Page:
British Prime Minister Boris Johnson visits Berlin on Wednesday to kick off a marathon of tense talks with key European and international leaders as the threat of a chaotic no-deal Brexit looms.
On his first foreign visit since taking office, he will seek to convince German Chancellor Angela Merkel, and on Thursday French President Emmanuel Macron, to renegotiate elements of the UK's impending divorce from the European Union -- something the EU leaders have already ruled out.
Then, at the weekend, all three will meet US President Donald Trump, a vocal supporter of Brexit and its champion Johnson, and the leaders of Canada, Italy and Japan at a G7 summit in the French seaside resort of Biarritz.
Johnson, in a do-or-die gamble, has insisted Britain will leave the EU on October 31, no matter whether it has ironed out remaining differences with the bloc or not, at the risk of economic turmoil.
The apparent hope is that the other 27 EU members will blink and make concessions to avoid a no-deal Brexit that would hurt people and companies on both sides of the Channel.
In Berlin, Johnson will be received with military honours at 1600 GMT before his talks with Merkel.
Although chances for a breakthrough appeared slim, a Merkel spokesman said that, after the two had spoken by phone, "sitting at a table together to discuss Brexit and other European issues ... is of course useful".
- 'Practical arrangement' -
Johnson's tough stance has put him on a collision course with Merkel, Macron and other EU leaders who have insisted the withdrawal deal is final and stressed the need for unity among the other 27 nations.
On Tuesday, EU Council President Donald Tusk again made clear the bloc would not cave in to Johnson's demand to scrap the so-called Irish border backstop plan, which would keep Britain in the European customs union if no trade deal is signed.
The mechanism aims to avoid a "hard border" between EU-member Ireland and British-ruled Northern Ireland, which could raise the threat of renewed sectarian tensions.
However, Johnson has slammed the backstop as "undemocratic" and charged it would prevent Britain from pursuing a trade policy independent of EU rules.
Irish Prime Minister Leo Varadkar this week reiterated the EU 27 position that the withdrawal agreement struck under Johnson's predecessor Theresa May cannot be reopened.
Berenberg Bank senior economist Kallum Pickering predicted that "if Johnson hopes to persuade Merkel and Macron to sweet-talk Varadkar into changing his tune, he will likely be disappointed".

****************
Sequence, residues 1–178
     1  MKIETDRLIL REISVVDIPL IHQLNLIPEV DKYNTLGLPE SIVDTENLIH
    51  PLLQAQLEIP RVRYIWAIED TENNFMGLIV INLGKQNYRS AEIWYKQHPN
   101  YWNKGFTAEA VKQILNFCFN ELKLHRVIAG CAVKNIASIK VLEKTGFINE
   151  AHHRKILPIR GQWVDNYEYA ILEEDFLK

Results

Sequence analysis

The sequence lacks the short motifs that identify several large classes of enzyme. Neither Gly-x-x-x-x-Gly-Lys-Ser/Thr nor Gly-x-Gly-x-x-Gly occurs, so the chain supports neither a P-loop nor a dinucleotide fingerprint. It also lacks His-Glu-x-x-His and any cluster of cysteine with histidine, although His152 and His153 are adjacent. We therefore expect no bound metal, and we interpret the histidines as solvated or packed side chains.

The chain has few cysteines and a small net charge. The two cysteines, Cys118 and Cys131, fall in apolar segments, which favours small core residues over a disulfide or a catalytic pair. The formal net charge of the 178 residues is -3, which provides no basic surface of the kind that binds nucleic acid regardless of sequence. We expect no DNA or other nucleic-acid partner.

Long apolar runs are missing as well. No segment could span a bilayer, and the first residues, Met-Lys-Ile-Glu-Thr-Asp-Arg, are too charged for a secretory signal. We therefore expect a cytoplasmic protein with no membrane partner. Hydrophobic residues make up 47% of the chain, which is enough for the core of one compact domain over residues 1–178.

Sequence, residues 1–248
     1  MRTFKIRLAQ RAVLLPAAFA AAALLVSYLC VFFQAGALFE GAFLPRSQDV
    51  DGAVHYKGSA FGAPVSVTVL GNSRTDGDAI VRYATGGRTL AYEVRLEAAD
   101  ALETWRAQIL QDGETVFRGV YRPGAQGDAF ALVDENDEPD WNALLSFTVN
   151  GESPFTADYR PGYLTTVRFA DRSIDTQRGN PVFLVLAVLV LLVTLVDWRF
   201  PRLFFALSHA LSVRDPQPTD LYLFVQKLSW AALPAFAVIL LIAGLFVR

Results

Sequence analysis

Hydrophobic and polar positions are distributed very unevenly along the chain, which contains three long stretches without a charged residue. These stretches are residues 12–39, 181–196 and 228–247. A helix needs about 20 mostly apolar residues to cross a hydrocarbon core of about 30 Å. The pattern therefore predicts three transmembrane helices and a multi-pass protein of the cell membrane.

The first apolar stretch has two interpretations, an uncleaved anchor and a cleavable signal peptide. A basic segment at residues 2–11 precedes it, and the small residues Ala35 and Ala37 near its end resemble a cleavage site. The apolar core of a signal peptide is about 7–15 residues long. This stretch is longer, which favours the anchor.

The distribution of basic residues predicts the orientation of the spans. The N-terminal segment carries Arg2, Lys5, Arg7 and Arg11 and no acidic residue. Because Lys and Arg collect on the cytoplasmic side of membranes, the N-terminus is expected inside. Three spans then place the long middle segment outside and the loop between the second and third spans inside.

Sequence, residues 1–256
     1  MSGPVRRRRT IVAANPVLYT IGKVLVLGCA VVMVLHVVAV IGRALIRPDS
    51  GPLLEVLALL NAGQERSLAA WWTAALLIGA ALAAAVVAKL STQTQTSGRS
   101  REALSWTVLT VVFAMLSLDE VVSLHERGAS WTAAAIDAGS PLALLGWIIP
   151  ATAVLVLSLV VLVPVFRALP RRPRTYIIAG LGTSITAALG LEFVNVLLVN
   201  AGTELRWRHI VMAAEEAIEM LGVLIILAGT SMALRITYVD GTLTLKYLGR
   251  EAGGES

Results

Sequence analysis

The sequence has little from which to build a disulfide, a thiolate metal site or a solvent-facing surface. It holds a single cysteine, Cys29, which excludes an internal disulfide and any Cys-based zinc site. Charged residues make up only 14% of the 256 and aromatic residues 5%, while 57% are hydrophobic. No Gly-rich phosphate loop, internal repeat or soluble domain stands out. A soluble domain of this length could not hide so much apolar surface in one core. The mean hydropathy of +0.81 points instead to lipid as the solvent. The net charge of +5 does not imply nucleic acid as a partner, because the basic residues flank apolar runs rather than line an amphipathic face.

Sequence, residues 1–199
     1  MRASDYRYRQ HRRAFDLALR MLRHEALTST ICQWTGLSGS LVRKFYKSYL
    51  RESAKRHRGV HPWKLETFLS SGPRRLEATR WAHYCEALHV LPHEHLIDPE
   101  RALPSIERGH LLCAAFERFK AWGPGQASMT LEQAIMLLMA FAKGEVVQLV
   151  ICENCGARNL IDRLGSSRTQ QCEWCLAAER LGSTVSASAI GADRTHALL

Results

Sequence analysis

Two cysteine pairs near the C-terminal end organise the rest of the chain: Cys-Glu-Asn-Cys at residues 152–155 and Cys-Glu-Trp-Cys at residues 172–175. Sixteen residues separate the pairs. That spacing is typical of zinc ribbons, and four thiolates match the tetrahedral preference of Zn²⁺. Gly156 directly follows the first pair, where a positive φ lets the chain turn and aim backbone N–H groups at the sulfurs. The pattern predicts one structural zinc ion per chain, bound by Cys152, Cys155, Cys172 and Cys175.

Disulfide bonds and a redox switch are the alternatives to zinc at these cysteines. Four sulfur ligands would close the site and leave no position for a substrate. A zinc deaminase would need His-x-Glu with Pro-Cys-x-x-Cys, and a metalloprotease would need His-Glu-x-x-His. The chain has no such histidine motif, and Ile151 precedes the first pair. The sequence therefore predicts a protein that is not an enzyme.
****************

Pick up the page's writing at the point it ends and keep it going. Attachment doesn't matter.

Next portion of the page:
"All of the EU's actions so far since the Brexit vote demonstrate that the EU's priority is the cohesion of the 27."
Merkel struck a cautiously hopeful note in Iceland on Tuesday, declaring that the EU was open to "a practical arrangement" on the Irish border issue at a later point.
- 'Crowbar politics' -
Given the shock and dismay Brexit has sparked in continental Europe, its vocal champion, the flamboyant former London mayor and ex-foreign minister Johnson, is sure to meet political headwinds.
German media regularly characterises Johnson as a reckless and unprincipled political showman with Trump-style populist tendencies.
Influential news magazine Der Spiegel recently caricatured him as the tooth-gapped cover boy Alfred E. Neuman of the American humour magazine Mad, with the headline "Mad in England".
The business daily Handelsblatt wrote that "Johnson is an admirer of Donald Trump's crowbar politics" but also warned that "the Europeans should not underestimate him".
"While the prime minister's own government has predicted three months of chaos in case of a no-deal Brexit, the Europeans should not make the mistake of thinking Johnson is bluffing," it said.
"The Brexit supporters have found a leader who is foolhardy enough to plunge the country into chaos."
The conservative newspaper Frankfurter Allgemeine Zeitung recommended that the EU not give in to scare tactics, pointing out that the UK has far more to lose than the bloc does.
"When the new prime minister pays visits to Paris and Berlin this week to 'threaten' a hard Brexit once again," it said, "his opposite numbers should remind him in a friendly yet unmistakeably firm manner of the realities he risks incurring."